Chelsea time again. Not buns, Clintons or Premiership football, but roses and irises in profusion. Some people every year put a brave new twist on Chelsea. You'll hear that this is the year of green flowers. Or wild flowers. Or no flowers. But the truth is that Chelsea is and always will be a flower show of roses and irises, buds and blowsy blooms, the lot of them.
Many of the roses are actually displayed indoors on old-fashioned stands in the main floral marquee. Ahem, I use the word, "old-fashioned", but the truth is that ridiculous quantities of modern wizardry goes into creating a tiny English garden containing 50 different roses on a plot the size of the average small family car.
The kings of the rose display are David Austin and Peter Beales. Beales has been established in Norfolk for many years, on three acres of flower fields that smell to perfection this time of year. However, he and his team, headed by nursery manager Ian Limmer, must remove themselves to London this coming week to start putting together their meticulous display. Many of the plants were under thick snow in December, but nonetheless the stand, judging by their 15 previous gold medals, will be blooming summer all over by opening day.
Austin's lot, meanwhile, will be coming down from Wolverhampton with truckfuls of the best newly bred roses from the quarter of a million seedlings they raise each year. Austin's 2011-12 introductions will be on display, including a white wedding rose called "William and Catherine", which I imagine will be widely bought and planted by all of us stockpilers of royal-wedding souvenir newspaper supplements.
There's definitely something about Chelsea that brings out celebrity-naming in force. Beales has gone with a local theme for a couple of his Chelsea introductions. One is "Churchill", a peachy bloom named after the Cambridge college, rather than the great man directly. Austin, not to be outdone on "roses named after buildings", is featuring "Wollerton Old Hall", a fragrant rose named after one of Wolverhampton's wonkiest and most charming half-timbered medieval buildings.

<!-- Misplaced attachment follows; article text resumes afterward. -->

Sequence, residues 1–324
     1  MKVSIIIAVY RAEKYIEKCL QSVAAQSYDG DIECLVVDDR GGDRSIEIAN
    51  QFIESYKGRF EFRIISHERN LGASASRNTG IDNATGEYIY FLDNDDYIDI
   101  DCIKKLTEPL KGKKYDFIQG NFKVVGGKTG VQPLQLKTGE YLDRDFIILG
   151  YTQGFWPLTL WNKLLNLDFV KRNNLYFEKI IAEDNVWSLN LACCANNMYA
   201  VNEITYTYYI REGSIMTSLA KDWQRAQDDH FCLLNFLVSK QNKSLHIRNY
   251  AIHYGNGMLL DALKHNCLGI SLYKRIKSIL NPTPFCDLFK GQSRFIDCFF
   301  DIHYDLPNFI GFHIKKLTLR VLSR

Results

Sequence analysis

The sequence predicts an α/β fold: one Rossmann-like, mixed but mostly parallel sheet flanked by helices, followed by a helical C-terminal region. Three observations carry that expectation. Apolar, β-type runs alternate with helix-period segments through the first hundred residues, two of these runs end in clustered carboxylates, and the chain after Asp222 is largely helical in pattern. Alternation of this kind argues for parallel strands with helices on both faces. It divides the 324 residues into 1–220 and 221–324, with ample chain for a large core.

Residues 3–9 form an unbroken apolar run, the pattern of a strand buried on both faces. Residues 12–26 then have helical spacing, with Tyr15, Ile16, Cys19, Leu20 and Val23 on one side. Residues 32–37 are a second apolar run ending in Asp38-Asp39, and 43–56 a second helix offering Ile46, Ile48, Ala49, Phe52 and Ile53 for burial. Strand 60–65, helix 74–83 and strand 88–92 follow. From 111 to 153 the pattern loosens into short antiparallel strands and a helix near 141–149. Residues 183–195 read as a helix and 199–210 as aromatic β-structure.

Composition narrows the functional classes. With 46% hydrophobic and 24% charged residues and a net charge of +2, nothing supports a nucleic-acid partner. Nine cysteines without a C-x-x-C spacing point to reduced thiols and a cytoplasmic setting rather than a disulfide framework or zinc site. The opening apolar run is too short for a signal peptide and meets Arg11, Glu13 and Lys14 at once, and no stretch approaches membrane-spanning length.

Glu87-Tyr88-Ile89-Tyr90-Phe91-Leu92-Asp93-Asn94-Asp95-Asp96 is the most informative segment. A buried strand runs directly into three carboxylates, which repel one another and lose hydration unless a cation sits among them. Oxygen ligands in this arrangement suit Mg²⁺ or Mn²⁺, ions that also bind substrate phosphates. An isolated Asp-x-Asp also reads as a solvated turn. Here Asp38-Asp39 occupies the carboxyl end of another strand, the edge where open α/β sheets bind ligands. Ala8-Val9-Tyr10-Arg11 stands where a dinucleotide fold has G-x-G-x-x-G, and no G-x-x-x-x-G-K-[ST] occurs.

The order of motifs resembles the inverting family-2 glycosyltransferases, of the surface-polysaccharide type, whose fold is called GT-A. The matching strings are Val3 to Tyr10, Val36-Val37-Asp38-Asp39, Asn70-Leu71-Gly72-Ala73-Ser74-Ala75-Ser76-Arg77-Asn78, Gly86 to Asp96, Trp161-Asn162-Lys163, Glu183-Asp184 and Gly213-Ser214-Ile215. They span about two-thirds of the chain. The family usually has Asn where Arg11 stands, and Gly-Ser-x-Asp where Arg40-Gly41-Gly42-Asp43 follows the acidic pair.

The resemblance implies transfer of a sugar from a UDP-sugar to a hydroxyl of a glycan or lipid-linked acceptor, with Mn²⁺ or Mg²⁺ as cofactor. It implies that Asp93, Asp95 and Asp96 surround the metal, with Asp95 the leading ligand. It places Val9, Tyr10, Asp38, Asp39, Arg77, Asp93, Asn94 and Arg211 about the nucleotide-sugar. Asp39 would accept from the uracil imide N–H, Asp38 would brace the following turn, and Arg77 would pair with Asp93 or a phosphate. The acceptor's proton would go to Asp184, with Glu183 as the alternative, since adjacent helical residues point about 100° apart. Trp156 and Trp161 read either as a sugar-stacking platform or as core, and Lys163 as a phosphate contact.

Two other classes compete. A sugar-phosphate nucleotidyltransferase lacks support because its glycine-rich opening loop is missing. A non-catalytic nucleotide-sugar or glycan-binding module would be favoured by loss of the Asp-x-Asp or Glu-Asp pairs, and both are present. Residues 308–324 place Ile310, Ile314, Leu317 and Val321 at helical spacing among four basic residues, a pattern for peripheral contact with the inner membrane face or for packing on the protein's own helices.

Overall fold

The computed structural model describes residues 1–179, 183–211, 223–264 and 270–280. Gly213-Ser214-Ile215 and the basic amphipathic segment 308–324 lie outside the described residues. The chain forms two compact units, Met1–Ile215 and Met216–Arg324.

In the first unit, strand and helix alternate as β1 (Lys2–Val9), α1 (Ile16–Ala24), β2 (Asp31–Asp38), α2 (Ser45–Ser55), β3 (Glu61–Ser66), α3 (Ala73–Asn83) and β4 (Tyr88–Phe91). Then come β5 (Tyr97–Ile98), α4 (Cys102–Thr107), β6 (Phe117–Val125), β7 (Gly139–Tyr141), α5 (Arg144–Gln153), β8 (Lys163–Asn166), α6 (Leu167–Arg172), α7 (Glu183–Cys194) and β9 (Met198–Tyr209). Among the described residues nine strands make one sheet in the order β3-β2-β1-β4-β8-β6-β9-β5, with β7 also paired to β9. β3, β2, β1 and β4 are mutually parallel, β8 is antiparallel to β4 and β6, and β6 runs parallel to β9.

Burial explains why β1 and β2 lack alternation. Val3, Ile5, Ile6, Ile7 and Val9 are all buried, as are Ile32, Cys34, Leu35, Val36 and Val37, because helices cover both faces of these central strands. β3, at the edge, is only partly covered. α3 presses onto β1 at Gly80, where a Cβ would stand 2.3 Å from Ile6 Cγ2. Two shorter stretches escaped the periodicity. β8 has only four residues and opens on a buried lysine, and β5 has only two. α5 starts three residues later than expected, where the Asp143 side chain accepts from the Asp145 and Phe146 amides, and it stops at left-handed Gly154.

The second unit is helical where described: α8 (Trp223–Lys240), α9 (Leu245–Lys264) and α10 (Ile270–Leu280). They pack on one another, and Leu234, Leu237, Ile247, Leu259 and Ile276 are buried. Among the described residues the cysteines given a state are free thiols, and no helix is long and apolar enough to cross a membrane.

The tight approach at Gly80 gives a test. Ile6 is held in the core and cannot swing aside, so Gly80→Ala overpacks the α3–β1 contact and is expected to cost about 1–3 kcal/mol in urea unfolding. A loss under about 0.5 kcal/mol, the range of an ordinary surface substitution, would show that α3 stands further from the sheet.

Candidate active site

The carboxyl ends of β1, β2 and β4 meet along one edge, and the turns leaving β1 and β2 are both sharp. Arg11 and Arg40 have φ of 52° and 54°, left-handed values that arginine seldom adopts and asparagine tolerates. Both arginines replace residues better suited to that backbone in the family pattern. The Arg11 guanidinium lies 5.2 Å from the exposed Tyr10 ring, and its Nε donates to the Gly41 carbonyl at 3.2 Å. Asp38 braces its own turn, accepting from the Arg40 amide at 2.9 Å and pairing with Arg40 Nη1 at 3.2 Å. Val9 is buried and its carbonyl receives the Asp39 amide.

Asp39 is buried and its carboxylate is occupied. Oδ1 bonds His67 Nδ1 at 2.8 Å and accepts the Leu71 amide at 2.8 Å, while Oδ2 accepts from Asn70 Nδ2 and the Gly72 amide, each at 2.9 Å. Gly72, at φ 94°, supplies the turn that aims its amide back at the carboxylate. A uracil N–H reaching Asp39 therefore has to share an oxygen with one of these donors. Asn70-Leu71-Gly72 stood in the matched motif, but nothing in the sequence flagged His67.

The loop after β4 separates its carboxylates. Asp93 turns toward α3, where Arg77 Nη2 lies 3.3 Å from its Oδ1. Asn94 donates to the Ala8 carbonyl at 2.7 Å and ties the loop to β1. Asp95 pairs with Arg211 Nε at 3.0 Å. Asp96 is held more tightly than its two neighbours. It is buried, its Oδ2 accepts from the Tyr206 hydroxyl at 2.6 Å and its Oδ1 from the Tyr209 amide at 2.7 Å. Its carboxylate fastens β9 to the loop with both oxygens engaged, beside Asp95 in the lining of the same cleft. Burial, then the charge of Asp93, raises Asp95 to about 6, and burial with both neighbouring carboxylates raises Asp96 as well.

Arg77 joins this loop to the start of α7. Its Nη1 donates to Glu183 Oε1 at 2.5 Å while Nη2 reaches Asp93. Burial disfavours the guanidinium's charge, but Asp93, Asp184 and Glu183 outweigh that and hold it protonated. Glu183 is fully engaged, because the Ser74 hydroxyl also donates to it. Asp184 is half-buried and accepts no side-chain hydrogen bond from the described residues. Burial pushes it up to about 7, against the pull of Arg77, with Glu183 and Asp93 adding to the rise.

However, in the main, the new Chelsea introductions are named after great ladies, queens and the odd ballerina. Not surprisingly, it's a particular kind of famous person the plants get their names from; after all, the edgiest celebrity seen posing with roses in recent years was Bill Nighy, and that was just because he happened to be passing. In fact, you can always tell when a celebrity is settling down, because you'll suddenly spot him taking his mum round Chelsea. Any minute now we're expecting Tinie Tempah, who will probably appear with the aunt whose house he has to keep his clothes at. And don't hold your breath for an Ancelotti rose any time soon.
The RHS Chelsea Flower Show runs from Tuesday to Saturday; for more details, visit rhs.org.uk
Best of breed
The popular pick
The nation's favourite rose, according to a recent survey, is Gertrude Jekyll, a proper little-girl's-bicycle-coloured pink rose, with superb fragrance. Buy from its original breeder, David Austin, £24.95, davidaustinroses.com
Sweeten the pot
You will need to wait till November for plants harvested from the field. Or pick now from a range of potted roses: Peter Beales has more than 300 available. classicroses.co.uk
See the roses at home
See 700 varieties over two acres at Austin's centre in Albrighton, WV7 3HB. Or get ideas for what to plant alongside roses for impact at Beales' place in Attleborough, Norfolk.
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